Ask me what I know about Angola and all I’ve heard over the years have been about the ‘endless’ war and their massive diamond fields. So I was not surprised to hear a comment like ‘be careful of the landmines when picking up the diamonds Mel’ when boarding the flight this past December.
I did a bit of research prior to leaving and realised the many similarities with Mozambique. And if I had that to go by, I was in for a magnificent trip for the next two weeks. I adored Maputo on the several trips I have made there over the past few years.
My Portuguese was not the best to say the least, so I had a hard time at the airport for starters, where I soon learnt that hardly anyone spoke English in this country. My translation book was going to come in very handy in this place.
I landed in the Angolan capital, Luanda and spent a long 2 hours at the airport filing out a Portuguese visitors’ permit. Like most African countries, the officials will try their luck asking for gifts (money) after been very assisting with directing you to the correct queues. Carrying my Louis Vuitton bag was maybe not the smartest move either.
My boyfriend awaited my arrival at the entrance, which happens to be ‘outside’ the actual airport. After comparing your luggage pass to the ticket on your bags you are allowed out of the waiting area. Soon I entered into Luanda.
The trip was long and hot. The state of the housing was similar to that of Hillbrow and Alexander, very run down but also quiet filthy looking, expected for a war-ravaged African country. On route, a man on a motorbike next to the jeep shouted something to me in Portuguese, which was quickly translated to me to put my arm inside the car or else my watch might be ‘jacked’, I felt right at home already!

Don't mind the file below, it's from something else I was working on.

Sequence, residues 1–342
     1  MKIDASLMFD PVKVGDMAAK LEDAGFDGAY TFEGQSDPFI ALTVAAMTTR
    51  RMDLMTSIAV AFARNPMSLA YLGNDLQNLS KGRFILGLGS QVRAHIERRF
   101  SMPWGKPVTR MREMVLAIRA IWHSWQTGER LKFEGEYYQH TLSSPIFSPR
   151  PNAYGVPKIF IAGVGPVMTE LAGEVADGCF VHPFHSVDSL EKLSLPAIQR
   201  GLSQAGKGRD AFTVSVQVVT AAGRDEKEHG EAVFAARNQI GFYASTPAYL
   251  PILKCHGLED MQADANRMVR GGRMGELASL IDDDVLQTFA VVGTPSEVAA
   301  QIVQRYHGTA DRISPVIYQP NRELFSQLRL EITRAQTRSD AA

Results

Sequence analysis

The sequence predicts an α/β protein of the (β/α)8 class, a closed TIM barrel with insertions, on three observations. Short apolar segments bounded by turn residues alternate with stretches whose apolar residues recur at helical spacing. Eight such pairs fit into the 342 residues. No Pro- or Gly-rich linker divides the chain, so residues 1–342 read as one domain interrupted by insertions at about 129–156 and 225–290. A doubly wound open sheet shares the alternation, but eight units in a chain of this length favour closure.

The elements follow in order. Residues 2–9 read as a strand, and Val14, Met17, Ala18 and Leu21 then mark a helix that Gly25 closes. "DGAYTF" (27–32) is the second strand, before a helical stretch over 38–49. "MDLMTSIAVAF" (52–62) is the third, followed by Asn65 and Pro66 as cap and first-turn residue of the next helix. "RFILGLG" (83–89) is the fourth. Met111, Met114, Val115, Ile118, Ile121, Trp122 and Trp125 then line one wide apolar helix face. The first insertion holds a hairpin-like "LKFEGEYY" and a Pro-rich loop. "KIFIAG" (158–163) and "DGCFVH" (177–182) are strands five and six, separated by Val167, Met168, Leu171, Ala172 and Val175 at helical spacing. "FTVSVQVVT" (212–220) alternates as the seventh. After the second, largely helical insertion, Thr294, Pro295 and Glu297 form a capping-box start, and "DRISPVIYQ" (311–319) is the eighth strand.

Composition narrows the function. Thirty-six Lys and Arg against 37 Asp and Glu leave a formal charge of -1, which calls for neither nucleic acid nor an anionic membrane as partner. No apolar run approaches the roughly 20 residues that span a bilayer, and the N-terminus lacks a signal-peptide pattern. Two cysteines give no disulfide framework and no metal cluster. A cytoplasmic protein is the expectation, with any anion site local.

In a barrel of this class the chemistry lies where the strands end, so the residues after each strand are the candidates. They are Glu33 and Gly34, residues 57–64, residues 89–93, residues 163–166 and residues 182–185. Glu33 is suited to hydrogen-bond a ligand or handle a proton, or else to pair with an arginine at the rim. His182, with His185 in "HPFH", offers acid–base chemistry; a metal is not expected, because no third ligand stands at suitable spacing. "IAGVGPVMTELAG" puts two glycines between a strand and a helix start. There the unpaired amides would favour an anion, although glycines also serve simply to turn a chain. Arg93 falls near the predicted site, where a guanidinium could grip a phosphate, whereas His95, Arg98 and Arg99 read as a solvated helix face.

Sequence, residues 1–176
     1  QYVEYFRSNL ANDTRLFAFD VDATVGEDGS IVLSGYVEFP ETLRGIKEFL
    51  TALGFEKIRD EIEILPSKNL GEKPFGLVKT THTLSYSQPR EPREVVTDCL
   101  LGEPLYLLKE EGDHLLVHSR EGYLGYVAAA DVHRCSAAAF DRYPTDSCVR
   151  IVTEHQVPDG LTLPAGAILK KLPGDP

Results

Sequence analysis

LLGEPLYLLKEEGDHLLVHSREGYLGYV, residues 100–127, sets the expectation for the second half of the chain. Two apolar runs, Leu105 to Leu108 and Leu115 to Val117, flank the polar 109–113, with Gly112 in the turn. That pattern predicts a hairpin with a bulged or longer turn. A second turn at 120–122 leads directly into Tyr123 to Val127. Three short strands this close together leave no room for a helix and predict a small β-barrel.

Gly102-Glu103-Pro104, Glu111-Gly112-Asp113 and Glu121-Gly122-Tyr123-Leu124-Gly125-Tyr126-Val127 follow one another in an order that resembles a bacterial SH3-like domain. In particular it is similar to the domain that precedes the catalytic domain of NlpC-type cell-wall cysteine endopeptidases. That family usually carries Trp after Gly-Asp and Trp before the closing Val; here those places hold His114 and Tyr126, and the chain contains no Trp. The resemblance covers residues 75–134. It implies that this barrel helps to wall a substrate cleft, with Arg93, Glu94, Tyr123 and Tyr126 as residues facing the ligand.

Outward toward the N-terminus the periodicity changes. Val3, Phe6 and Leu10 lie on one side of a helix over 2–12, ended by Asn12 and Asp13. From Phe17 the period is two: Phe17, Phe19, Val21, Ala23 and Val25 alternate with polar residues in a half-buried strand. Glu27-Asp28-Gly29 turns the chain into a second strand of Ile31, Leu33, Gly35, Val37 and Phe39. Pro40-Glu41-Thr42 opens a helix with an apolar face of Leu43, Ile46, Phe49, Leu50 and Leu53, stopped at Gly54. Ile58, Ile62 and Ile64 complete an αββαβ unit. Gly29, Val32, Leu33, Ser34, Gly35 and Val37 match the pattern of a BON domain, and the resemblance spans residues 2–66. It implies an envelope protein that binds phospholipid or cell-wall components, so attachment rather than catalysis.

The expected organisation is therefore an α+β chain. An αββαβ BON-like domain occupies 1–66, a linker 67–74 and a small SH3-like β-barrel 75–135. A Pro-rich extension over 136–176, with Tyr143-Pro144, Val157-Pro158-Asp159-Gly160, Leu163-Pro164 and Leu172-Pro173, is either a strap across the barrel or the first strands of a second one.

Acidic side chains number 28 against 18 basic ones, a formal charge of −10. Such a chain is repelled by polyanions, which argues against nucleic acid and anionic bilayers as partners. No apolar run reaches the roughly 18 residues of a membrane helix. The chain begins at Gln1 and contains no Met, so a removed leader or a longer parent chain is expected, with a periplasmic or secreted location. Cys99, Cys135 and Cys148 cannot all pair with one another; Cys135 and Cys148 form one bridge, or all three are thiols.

My accommodation was in an upper-class area called Alvalade, house to one of the classiest hotel in Angola, Hotel Alvalade (4 Star). A room will set you back between $180-$300 (about R975-R1950). A bit more expensive than back home. My house was rather nice and cosy, reminded me of most family homes back in good ol’ South Africa. Outside however, the streets were very dirty and landmine explosions could possibly explain the huge man-sized potholes on the streets.
I later went out for drinks with some friends at the local hang-out spot called Miami (a trendy restaurant on the beach front). The first thing to point out however about service in Luanda, is that it is beyond slow. If you are not a patient person, you better learn really quickly. At home, we are spoilt, as we demanded immediate service. It will take about 10 minutes to even receive a menu at most restaurants. Here the customer is not always right as there really is no tourism structure set up. Drinks take about 20 minutes, while food will take about 45-100 minutes.
The food however makes up for the delay, and is amazing as in most African countries. Prices are similar to ours but remember they work in US dollars. Their fish dishes are fresh, the beef juicy while their desserts are rich.
The Angolan Kwanza, the local currency is about 1:14.5 to the Rand. A cheese burger will cost you 300AOA (about R20) while a lobster will cost you 1800AOA (about R124). Prices also vary on where you shop and which session of the city you are in.
The second point of note is that Angolans are beautiful people; their dark rich skin colour can not be compared to any other nation I’ve previously met. Like South Africans, the have a mixture of Black, White and Coloured. A metropolitan nation, Luandans come from a mix of different nations from Portugal, Cape Verde, Sao Paulo, Mozambique and other surrounding African countries.